Exploring ways to navigate seamlessly across mobile and laptop or desktop environments can also ease some of the angst that applicants may feel.

"What we've seen in emerging markets around the world," he says, "is that candidates will use mobile devices and [apps] such as Whatsapp to find information about jobs, but then what we would find is that, even if they didn't have access to a PC at home, they would go to an Internet café to actually submit their application."

One key for HR is considering new and different ways to engage and interact with job seekers.

For certain types of jobs, suggests Crispin, a Q&A or checkbox option might be offered via an app to help candidates provide some early indication of their qualifications for a position. Through an automated process, the system could then generate a message to those who meet minimum requirements to invite them to submit a more formal application. Various types of assessments could also be part of the app providing valuable information to both the hiring organization and the candidate.

Tapping talent communities can be another best practice for HR practitioners, says Floersch, which work in much the same manner as consumer sites including Amazon.com. New job postings or other information can be delivered to them based on the past activities of those engaged in the community.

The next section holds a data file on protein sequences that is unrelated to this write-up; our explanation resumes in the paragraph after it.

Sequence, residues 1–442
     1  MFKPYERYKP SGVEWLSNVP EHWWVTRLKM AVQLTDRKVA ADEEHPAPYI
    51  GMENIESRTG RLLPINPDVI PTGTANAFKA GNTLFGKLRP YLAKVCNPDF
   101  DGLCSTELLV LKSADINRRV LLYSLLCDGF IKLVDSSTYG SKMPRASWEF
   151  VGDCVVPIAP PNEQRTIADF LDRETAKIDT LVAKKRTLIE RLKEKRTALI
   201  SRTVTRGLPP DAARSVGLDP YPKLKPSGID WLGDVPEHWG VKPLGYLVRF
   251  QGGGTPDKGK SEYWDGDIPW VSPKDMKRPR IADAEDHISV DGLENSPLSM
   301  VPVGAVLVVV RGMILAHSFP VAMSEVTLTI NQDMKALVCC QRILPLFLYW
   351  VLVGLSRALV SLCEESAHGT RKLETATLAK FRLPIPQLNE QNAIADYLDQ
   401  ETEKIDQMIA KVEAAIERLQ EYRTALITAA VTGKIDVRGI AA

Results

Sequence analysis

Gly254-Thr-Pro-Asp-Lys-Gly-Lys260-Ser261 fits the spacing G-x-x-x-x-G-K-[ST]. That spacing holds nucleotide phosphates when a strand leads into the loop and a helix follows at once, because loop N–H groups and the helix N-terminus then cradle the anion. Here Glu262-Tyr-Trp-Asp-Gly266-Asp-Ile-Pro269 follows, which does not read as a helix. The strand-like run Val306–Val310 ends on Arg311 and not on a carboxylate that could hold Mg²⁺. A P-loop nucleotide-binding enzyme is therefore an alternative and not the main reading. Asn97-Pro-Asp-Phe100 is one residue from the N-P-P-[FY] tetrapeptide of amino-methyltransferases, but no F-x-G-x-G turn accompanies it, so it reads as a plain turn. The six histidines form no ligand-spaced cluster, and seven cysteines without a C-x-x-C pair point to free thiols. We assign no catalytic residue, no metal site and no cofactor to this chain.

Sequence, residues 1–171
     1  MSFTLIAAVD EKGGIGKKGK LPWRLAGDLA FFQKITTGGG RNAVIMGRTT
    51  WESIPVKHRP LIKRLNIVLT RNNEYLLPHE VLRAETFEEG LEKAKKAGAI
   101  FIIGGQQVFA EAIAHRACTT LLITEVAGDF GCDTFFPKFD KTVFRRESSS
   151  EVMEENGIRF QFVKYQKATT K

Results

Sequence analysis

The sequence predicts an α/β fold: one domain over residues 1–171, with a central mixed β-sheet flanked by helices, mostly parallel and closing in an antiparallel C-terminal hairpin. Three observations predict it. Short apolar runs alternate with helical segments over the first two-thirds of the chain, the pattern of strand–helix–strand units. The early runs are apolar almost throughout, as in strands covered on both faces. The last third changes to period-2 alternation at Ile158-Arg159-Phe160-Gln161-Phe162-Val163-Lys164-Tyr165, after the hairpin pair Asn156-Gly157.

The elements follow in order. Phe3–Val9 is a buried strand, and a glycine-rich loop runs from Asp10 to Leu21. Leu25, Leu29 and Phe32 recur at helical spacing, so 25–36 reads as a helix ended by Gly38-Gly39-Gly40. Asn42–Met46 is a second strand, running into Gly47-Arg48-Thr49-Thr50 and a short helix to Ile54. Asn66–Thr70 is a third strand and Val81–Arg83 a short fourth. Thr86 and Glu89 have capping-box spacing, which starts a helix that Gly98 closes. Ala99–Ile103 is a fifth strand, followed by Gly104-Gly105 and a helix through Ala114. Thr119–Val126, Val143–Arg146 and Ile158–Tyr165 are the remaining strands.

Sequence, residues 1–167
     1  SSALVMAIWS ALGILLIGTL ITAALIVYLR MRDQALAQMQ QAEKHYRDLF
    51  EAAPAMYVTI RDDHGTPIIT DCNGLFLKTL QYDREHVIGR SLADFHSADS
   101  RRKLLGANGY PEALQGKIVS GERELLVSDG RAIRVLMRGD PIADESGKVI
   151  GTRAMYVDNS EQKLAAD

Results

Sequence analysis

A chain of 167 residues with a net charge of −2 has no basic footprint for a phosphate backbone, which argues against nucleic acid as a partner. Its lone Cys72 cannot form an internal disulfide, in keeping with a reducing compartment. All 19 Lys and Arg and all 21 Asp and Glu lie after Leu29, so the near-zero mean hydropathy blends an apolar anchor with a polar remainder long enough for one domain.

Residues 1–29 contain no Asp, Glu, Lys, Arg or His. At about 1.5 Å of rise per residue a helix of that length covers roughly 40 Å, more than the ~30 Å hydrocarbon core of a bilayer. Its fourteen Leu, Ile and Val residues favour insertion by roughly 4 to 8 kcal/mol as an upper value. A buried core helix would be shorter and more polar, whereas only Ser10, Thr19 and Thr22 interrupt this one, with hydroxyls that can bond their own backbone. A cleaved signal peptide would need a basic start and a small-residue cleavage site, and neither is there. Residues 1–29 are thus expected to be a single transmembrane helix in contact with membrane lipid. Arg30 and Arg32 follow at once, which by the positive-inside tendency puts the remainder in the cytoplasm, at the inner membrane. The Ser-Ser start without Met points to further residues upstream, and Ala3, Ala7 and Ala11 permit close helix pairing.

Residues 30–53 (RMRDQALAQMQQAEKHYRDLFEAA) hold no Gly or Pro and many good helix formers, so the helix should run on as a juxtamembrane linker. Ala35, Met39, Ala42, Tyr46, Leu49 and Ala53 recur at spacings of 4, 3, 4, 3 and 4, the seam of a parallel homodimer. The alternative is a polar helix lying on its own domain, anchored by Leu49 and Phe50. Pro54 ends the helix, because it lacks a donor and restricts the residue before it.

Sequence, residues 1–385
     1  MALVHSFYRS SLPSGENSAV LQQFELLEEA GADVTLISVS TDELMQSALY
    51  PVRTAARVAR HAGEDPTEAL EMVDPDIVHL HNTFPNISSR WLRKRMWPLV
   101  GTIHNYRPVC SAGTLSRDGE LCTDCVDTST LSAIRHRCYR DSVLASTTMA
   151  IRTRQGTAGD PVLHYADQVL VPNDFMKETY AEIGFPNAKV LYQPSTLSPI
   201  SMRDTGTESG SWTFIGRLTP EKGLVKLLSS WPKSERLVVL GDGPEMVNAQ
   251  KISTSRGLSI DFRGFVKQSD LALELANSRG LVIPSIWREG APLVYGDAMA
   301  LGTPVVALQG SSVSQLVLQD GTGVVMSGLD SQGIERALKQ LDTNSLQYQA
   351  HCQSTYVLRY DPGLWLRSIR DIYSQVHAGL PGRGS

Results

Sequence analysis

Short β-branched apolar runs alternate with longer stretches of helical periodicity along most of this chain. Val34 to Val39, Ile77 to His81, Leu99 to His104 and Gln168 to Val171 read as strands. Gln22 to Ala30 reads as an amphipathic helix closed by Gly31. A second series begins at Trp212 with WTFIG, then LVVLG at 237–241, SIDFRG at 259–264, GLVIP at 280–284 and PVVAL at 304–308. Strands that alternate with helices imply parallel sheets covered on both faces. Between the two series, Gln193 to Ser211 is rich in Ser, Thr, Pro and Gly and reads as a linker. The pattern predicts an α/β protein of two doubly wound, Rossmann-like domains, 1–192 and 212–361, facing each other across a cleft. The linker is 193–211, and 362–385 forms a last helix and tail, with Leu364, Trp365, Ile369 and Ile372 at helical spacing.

"By offering choices to candidates they can choose the option that is best for their situation," says Crispin. "What corporations that are offering multiple choices and a quicker application process are finding is a significant rise in the number of individuals who are searching and applying from mobile devices."

Different job families or types of positions will have different needs, Crispin says, which means HR needs to take a look at these different job families and determine what the mobile needs and preferences of applicants -- as well as recruiters and hiring managers -- may be.

Adoption of innovative recruiting policies among corporations has been slow, says Crispin, but it is a trend that is not going away. "We can only expect that mobile devices will become more diverse, and more capable of doing a variety of different things -- we will have the Internet with us wherever we are and that is not going to change."

McCoy emphasizes that HR professionals do not need to design systems from scratch, and that they can rely not only on the experiences of other HR professionals, but others as well -- perhaps within their own organizations.

"Most organizations have a mobile strategy somewhere," he says. "See how the other parts of your organization have adopted the technology, and use their learnings to really hone your strategy and thinking about mobile."